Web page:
The Scotch haggis is a national dish of Scotland. It is usually accompanied with turnips and mashed potatoes. Scotch Whisky is (customarily) drunk with it. Haggis languished uncelebrated until 1787, when poet Robert Burns penned his great ode “Address to a Haggis.” In his poem, Burns declares his love for the “great chieftain o’ the puddin’ race” and glorifies what was a poor man’s food into a dish greater than any French ragout or fricassee. Burns was already a national hero, and haggis’ profile soon soared. After Burns’ death, a group of his friends began commemorating him every year on his birthday, January 25, and so began the “Burns Supper” tradition. The suppers continue to this day, featuring Scottish food, Scotch whiskey and a grand presentation of the haggis to the assembled guests.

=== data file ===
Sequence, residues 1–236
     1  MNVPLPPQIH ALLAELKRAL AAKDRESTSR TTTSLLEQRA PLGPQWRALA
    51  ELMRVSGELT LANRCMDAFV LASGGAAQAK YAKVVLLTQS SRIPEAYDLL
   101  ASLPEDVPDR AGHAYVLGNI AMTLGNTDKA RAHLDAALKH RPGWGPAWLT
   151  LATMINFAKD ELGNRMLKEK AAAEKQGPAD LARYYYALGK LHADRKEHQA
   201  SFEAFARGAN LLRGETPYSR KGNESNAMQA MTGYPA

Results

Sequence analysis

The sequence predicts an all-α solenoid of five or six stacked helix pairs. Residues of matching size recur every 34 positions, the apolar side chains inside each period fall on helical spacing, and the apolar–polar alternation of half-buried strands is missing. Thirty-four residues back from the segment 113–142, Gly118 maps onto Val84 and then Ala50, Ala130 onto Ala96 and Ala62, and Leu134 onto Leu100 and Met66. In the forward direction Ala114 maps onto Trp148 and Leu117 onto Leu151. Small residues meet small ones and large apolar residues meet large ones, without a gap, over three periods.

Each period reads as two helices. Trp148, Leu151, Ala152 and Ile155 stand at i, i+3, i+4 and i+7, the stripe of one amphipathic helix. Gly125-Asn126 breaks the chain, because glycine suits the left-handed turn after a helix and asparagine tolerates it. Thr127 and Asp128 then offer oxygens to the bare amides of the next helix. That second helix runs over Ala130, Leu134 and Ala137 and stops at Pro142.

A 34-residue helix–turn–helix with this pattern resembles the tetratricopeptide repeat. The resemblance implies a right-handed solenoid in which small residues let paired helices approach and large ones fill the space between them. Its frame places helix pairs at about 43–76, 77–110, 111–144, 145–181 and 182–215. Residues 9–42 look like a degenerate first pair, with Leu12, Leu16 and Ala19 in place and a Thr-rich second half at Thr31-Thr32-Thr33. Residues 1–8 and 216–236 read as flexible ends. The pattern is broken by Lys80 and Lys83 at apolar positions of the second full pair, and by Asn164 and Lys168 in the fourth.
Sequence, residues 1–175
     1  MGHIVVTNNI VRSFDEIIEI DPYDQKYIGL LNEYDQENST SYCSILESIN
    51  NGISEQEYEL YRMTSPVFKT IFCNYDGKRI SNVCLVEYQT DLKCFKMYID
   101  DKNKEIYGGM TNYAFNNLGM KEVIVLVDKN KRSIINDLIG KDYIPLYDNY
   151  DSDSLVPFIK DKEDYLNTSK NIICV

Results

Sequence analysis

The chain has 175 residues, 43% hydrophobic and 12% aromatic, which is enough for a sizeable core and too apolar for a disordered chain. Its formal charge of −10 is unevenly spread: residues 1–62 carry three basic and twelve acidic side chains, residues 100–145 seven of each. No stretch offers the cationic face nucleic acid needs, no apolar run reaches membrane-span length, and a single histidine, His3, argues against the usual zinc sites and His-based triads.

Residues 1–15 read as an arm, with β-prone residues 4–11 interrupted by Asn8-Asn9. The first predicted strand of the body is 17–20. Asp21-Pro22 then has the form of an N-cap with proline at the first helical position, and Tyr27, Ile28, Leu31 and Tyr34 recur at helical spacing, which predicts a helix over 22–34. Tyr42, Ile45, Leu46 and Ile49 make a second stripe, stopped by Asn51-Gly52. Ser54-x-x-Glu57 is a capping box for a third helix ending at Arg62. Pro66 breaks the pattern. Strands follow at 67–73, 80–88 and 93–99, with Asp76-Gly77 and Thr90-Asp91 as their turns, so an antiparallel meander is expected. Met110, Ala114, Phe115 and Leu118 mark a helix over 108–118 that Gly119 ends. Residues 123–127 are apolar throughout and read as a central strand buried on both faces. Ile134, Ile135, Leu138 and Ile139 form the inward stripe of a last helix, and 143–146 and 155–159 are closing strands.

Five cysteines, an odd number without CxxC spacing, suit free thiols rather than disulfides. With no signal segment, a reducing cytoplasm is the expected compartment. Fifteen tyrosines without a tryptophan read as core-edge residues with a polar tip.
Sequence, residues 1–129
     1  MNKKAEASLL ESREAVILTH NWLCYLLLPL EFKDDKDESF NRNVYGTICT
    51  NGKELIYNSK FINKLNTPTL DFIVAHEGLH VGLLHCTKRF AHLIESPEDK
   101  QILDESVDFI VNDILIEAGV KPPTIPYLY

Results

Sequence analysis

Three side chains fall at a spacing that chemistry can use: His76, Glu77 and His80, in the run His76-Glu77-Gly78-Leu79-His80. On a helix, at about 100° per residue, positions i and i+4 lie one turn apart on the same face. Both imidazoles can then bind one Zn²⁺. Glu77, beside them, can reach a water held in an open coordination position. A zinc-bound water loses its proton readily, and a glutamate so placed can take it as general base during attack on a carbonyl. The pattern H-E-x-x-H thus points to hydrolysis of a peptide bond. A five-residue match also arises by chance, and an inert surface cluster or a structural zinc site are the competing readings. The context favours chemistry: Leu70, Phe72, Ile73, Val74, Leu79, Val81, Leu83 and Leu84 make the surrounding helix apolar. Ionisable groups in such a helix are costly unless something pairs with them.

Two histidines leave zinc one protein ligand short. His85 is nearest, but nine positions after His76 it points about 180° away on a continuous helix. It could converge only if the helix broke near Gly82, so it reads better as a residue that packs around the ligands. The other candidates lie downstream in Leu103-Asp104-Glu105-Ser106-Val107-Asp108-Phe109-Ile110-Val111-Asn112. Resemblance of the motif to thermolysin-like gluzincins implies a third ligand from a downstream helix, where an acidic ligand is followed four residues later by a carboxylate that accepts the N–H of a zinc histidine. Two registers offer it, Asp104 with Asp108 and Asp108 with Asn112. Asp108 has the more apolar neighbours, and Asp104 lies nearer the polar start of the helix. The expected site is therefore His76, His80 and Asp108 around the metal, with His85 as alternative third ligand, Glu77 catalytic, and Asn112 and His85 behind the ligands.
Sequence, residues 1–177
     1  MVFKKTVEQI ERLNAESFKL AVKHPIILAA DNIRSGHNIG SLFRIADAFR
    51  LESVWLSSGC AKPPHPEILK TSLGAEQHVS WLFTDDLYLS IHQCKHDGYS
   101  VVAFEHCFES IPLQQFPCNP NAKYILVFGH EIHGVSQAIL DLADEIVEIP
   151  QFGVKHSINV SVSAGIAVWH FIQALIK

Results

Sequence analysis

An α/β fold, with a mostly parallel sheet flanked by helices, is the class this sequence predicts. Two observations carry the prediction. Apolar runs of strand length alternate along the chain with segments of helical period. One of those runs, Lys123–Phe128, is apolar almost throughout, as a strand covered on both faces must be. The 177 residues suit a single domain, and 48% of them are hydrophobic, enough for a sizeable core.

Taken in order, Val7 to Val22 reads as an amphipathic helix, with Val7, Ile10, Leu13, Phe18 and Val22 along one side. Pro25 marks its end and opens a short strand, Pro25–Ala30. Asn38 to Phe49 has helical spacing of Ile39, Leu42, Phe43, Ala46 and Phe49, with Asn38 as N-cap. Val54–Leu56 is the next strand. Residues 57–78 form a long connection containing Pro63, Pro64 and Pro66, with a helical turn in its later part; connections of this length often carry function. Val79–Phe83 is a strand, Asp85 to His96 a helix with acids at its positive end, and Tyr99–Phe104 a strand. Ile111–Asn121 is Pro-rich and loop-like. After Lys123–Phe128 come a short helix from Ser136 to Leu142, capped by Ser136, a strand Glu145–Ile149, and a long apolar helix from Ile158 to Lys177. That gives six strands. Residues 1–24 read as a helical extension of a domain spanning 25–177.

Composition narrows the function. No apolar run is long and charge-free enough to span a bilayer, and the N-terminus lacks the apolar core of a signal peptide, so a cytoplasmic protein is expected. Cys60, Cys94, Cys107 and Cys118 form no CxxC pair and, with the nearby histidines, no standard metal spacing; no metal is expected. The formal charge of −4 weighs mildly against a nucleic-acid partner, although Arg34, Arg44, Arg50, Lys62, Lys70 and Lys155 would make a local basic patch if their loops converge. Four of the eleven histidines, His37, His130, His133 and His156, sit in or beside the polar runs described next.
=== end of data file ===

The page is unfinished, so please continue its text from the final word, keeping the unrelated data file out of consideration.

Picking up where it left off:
While Burns Suppers are haggis’ main opportunity to shine, the dish is still widely enjoyed throughout Scotland. 

Supermarkets sell packaged varieties, with the cheaper variations now placed in synthetic casings instead of stomachs. It’s served in fast food restaurants, deep-fried along with chips and Mars bars.